##
**Numerical recipes. The art of scientific computing.**
*(English)*
Zbl 0587.65003

Cambridge etc.: Cambridge University Press. XX, 818 p. £ 25.00; $ 39.50 (1986).

This book represents a generous benefit of the numerical and computational experience of four leading scientists in academic research and industry. Both for inexperienced and advanced users of computer methods, for physicists and engineers faced with practical problems, ”Numerical recipes” will constitute a reference text on the art of scientific computation, offering, for each topic considered, a certain amount of general discussion, adequate mathematical prerequisites, comparisons of the nature of the computational algorithms and practical questions of implementation in working routines.

The scope of ”Numerical recipes” (affirmed by the authors themselves) is to be ”everything up to, but not including, partial differential equations”, although the last chapter realizes a consistent introduction to numerical methods for PDE. Besides the so-called ”standard” topics of a numerical analysis course (solution of linear algebraic equations, interpolation and extrapolation, integration of functions, root findings and nonlinear sets of equations, minimization or maximization of functions, eigensystems, integration of ordinary differential equations), this approach also covers less usual, but highly useful subjects, as: evaluation of particular special functions in higher mathematics, random numbers and Monte Carlo methods, sorting, Fourier transform and spectral methods, statistical description and modeling of data, two point boundary value problems.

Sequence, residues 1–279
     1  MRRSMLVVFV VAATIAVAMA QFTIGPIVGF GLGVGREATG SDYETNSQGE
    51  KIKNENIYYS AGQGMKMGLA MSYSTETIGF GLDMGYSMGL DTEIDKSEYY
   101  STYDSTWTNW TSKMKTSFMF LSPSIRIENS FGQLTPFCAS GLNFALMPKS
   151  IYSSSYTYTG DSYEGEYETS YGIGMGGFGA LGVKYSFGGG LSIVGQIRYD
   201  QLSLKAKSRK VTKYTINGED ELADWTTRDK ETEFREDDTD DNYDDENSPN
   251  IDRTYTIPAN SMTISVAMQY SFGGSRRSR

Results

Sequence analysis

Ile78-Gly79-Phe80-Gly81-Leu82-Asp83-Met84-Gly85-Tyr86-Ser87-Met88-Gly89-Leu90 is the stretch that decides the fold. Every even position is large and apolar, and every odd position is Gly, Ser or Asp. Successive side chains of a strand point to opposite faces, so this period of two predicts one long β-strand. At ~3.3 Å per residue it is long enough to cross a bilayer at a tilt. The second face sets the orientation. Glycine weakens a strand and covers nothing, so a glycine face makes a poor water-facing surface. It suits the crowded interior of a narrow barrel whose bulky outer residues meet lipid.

There are approximately 200 subroutines or functions, amply commented in the book, each one both in FORTRAN and in Pascal; two example books published by the same authors to accompany ”Numerical recipes” (reviewed below), contain their FORTRAN and respectively Pascal test-drivers. All the procedures listed in ”Numerical recipes” are available from Cambridge University Press on diskettes for IBM compatible machines.